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The Urban Way

WAI Dakar: Paving the Way to the Via Urbana

Riding on the success of the call for the creation of a joint and solidarity platform for urban social movements, which was supported by 380 signatories from 42 countries, the Madrid Declaration (2008) highlights the breadth of this challenge by proposing a World Assembly of Inhabitants, to take place at the WSF 2011 in Dakar.

The main target of this idea, which stems from a process supported by the IAI, is the reinforcement of inhabitant status as they defend their right to housing and to the city. The implementation of this plan is to be without borders, just as the global crisis itself respects no borders as it affects everything and everybody, down to the very last stone and the very last inhabitants of a working-class neighborhood. Its foundations, then, are nothing new, but at the same time they demonstrate that a notable qualitative and quantitative evolution has taken place since the Assembly of Pobladores (Mexico, 2000).

The WAI will fight for a new kind of inhabitant, one who is already deeply woven into the local social fabric, who is quite aware of the global challenge, who is capable of participating in the fight for collective rights and who is willing to shoulder the burden of responsibility that comes with the more active role of "city-builder" as opposed to mere user-client within a territory.

To this end, taking into account the failure of the neoliberal model whose many victims include over one billion homeless or badly-housed, without counting the 70 million people who suffer each year as a result of threats and evictions, a new Urban Social Pact is inescapable, and is based this time on human and environmental rights - in other words, another possible world. To clarify this, 'right to the city' should translate into zero evictions, 'right to housing' into public, cooperative services and direct interventions, and 'urban policies' into the inclusion of inhabitants in all decisions.

So, let us welcome, at the founding of this proposal to the Urban Convergences at the WSF in Belem, the leading international networks within this field (including HIC, Centro Cooperativo Sueco AL, COHRE, LOCOA, Dignity International, SELVIP, PPEHRC, Habitat para la Humanidad AL, ENDA TM, FNRU ), as well as to the Local Authority Forum and several universities, signing up to be a part of this process.

The WAI is structured from below and supported by a multidimensional process of exchange of experiences, strategy sharing, initiative building and a fight for resistance and for alternatives which stretch along all geographical horizons. It is for this reason, following its confirmation by the whole of the Urban Social Forum in Rio in 2010, that the initiative has taken on an air of determination, aided by the creation of Unitary Steering Committees at regional and local level, particularly at Social Forums (FS EEUU in Detroit, FSE in Istanbul, FSA in Asuncion) and other events around the world, including Bangalore for Asia, Moscow for Russia, South Africa and Cameroon.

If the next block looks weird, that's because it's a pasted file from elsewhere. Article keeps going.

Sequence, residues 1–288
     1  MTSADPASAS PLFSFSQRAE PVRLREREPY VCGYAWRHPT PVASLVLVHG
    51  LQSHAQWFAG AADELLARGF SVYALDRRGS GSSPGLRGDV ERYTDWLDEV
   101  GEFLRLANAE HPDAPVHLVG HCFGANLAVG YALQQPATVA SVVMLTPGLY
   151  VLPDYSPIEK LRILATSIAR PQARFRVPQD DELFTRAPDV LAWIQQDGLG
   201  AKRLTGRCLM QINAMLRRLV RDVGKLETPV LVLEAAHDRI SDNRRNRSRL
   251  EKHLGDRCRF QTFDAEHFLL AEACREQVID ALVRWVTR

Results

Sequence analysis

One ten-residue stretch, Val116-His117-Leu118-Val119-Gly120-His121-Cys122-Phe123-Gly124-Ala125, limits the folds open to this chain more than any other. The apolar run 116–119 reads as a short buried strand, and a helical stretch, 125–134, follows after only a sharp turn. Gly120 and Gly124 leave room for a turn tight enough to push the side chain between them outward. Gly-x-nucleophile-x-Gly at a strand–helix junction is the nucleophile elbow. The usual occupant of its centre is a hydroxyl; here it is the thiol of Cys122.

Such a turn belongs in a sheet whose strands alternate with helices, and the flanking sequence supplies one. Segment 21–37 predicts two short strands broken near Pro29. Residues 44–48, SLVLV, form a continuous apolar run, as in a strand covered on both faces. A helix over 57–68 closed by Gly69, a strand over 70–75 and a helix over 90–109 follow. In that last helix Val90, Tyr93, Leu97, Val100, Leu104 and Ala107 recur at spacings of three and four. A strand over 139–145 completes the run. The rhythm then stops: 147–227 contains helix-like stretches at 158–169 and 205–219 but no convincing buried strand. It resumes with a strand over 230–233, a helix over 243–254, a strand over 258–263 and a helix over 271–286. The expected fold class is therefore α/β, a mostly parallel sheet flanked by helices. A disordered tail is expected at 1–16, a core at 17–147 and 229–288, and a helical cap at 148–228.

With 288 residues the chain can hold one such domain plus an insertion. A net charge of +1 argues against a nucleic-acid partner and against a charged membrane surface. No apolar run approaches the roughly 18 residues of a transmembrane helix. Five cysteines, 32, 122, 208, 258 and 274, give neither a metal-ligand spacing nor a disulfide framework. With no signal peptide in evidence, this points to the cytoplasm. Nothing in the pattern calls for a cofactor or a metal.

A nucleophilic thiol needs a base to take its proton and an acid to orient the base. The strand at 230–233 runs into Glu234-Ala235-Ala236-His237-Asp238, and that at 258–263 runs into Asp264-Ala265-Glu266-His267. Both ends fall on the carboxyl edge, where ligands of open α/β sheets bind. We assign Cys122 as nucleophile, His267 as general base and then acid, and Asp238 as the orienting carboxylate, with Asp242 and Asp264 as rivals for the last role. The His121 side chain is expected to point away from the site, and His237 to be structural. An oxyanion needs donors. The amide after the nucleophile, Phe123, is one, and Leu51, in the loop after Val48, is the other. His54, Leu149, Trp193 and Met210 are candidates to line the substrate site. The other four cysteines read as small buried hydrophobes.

It is the primary responsibility of these Unitary Steering Committees to bring forth g-local inhabitants, their contents and the format of the WAI, as well as an agenda leading up to and following on from Dakar, including a partnership proposal which would encourage as large a participation as possible and any necessary follow-up.

The meeting in Bobigny during the International Days for the Right to Housing in October, signed into effect the emergence of this new collective subject which will develop and make decisions.

This subject deserves finally to be seen and to have its voice heard, and this will now happen, thanks to 'Inhabitant Memory', a multi-media tool based around video interviews and organized by the Urban Popular University, which will accompany and systematize the WAI process.

From these foundations, which recognize the independence of inhabitant organizations across the board, partnerships and alliances may be built. From these foundations, as underlined in the preparatory phases of the WSF, it will be possible to share this process with Dakar's inhabitant organizations, who are open and willing to welcome the WAI in order to discuss how to respond to evicted from working-class neighborhoods with allies, as opposed to constantly feeling on the edge of a group of 'no-global', who pop up in any given place at any given time.

To summarize, this is not to be a solemn mass but rather a commitment to the building of a dialogue between inhabitant organizations and any other bodies who adhere to these same principals, be they NGOs, institutions and universities: destination right to housing and to the city, without borders.

Let us welcome the WAI, one step of a continuous and sustainable process which is already leading the way beyond the horizon of Dakar: the Urban Way.


The Volunteer translator for housing rights without frontiers of IAI who has collaborated on the translation of this text was:

Joanna Oseman


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